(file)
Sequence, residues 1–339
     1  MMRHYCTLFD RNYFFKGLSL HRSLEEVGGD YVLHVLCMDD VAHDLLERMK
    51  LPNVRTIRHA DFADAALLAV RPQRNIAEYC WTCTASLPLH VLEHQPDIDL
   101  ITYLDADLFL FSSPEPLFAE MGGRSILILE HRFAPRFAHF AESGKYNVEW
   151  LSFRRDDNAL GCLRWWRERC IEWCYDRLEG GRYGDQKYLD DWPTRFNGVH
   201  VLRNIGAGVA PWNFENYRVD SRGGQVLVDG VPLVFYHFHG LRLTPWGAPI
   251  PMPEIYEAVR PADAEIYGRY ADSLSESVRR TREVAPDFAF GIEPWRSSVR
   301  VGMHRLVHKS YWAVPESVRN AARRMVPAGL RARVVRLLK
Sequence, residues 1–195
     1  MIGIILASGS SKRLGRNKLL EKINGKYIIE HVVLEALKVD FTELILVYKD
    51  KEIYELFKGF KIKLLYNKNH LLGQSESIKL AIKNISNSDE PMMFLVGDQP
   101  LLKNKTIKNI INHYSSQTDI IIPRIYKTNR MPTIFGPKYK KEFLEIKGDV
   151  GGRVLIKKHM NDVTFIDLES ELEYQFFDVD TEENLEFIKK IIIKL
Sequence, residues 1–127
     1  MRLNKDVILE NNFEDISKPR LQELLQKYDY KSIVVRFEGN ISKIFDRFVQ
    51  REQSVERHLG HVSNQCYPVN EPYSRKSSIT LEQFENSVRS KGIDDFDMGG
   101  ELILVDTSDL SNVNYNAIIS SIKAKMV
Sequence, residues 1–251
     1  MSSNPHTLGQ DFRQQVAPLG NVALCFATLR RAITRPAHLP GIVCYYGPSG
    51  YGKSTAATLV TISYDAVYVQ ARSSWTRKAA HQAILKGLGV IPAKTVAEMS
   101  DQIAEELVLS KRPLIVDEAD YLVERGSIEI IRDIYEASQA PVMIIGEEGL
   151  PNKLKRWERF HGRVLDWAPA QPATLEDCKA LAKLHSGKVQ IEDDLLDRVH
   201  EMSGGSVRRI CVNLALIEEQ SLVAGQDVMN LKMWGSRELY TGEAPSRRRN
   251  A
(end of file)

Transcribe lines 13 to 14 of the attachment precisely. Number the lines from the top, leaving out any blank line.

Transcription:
   151  GGRVLIKKHM NDVTFIDLES ELEYQFFDVD TEENLEFIKK IIIKL
Sequence, residues 1–127